Environment Health

A new report from the National Academy of Sciences says the coal mining industry needs a “fundamental shift” in the way it controls exposure to coal and rock dust in order to prevent lung disease among miners.

Despite improvements such as an Obama-era rule to strengthen monitoring and control of dust in mines, the experts on the National Academies panel said more work is needed to address the deadly surge in cases of severe black lung disease, which is especially prevalent among Appalachian miners.

“There may be uncertainties around what the risk factors are that are driving this increase in disease,” Dr. Cecile Rose said. Rose is a pulmonologist and medical professor at National Jewish Health in Denver and served on the panel of experts who authored the report.

Forehand Lung with opacities outlined (1)Adelina Lancianese, NPR

An X-ray image of an Appalachian coal miner with black lung lesions.

The report calls for increased use of continuous personal dust monitors, which were put in use after the Labor Department’s implementation of the 2014 dust control rule.

“There is an urgent need for monitoring and sampling strategies that enable continued, actual progress to be made toward the elimination of diseases associated with coal mine dust exposure,” committee chair Thure Cerling said. Cerling is a Distinguished Professor of Geology and Geophysics and Distinguished Professor of Biology at the University of Utah.

The panel recommended more health screenings for miners and a focus on other kinds of dust miners encounter as mining practices change.

“Changes in mining technologies, changes in production, changes in the heights of the coal seams, the amount of overburden rock that may be mined along with the coal, these are all worth looking at,” Rose said.

The report calls for better monitoring of the highly toxic silica or quartz dust that is formed when cutting into some kinds of rock, such as quartz-bearing sandstone. The panel encouraged development of air monitors that can provide a real-time measurement of the amount of this type of dust miners breathe. Until that technology is available, the authors said, a system to provide silica dust information at the end of each shift should be used.

‘Hard to breathe’

Virginia miner Jackie Yates knows that dust all too well. In the more recent years of his two decades of work underground, Yates said, he has been cutting more rock as remaining coal seams grew thinner.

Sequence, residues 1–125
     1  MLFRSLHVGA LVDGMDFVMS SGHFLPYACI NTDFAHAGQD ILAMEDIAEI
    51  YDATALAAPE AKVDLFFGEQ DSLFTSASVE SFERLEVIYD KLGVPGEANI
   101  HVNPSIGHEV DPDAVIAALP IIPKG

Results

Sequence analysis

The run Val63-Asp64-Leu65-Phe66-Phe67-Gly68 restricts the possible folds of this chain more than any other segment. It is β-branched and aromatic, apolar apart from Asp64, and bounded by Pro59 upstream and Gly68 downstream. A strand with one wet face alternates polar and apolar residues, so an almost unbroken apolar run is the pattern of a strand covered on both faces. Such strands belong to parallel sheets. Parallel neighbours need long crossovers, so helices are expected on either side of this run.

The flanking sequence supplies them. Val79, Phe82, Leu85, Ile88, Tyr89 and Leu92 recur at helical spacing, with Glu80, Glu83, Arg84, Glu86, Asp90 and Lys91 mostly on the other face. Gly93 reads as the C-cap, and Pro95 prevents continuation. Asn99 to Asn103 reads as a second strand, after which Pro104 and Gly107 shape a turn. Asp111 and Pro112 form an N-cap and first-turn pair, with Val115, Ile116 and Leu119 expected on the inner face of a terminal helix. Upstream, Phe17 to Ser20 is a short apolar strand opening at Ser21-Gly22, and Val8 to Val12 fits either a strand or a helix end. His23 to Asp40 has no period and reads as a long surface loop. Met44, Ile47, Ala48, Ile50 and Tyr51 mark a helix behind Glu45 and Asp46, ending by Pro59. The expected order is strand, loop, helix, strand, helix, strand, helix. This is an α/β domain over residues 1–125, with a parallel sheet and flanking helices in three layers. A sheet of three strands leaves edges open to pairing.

“Nowadays, all the good coal — we call it the ‘gravy coal,’ that the companies like to see ’cause you cut it fast and it don’t create a lot of dust — all that’s gone,” Yates said in an interview with ReSource reporter Benny Becker.

Adelina Lancianese NPR

After 20 years of work underground, coal miner Jackie Yates learned he has a severe form of black lung disease.

“Everything now is like what I’m in. It’s a little seam here, a little seam here, and a lot of rock in the middle. That’s just all that’s left.”

Yates said the white silica dust would pile up like ashes on his helmet and clog his protective mask. At age 49 he’s been diagnosed with the complicated, or severe, form of black lung disease.    

“It’s hard to breathe,” he said. “I’ll go to coughing real bad, coughing to the point of almost throwing up.”

Yates said his father was a miner, as was his older brother. His brother, he said, died from black lung while still in his 50s.

“But I made my choice when I was 19 years old to work in the coal mines,” Yates said. “And if cancer don’t take me, or a wreck on a street won’t take me, coal mines will.”

Industry Response

The National Mining Association, the trade group representing major coal producers, declined an interview but issued a brief statement in response to the report. The NMA said its members support a range of additional steps such as mandatory X-ray programs and air stream helmets for miners.

“Government and industry must work together to improve miner health and safety, and we look forward to doing our part to support those efforts,” the NMA said in its statement.

The NMA unsuccessfully sued to stop the 2014 dust rule from taking effect.

Mine safety advocate Joe Main was in charge of the Labor Department’s Mine Safety and Health Administration at the time, and was instrumental in getting it in place. Main said the rule made important progress in reducing dust exposure by lowering the acceptable dust limit and increasing monitoring requirements.

Main supported the National Academy panel’s findings, which include a call for the mining industry to go beyond compliance with regulation to find ways to meet health goals.   

“Let’s just call a spade a spade,” Main said. “There has to be a change in way our mining industry operates in this country. Attitudes have to change in industry to really take ownership of issue.”

Black lung expert Dr. Edward Petsonk agreed.  

“Up to this point it’s been, ‘If we meet legal requirements, that’s all we need to do,’” he said.

Petsonk is a pulmonologist and medical professor at West Virginia University who has also worked at the National Institute for Occupational Safety and Health. He said the increase in black lung cases shows the industry needs to do more.

“It’s just not acceptable to have this level of disease and death in an industry and not see a really serious response,” he said. “This is just not what we as a society have promised our working people.”

ReSource reporter Benny Becker contributed to this story.

Jeff Young is managing editor of the Ohio River Network, a journalism collaboration led by Louisville Public Media.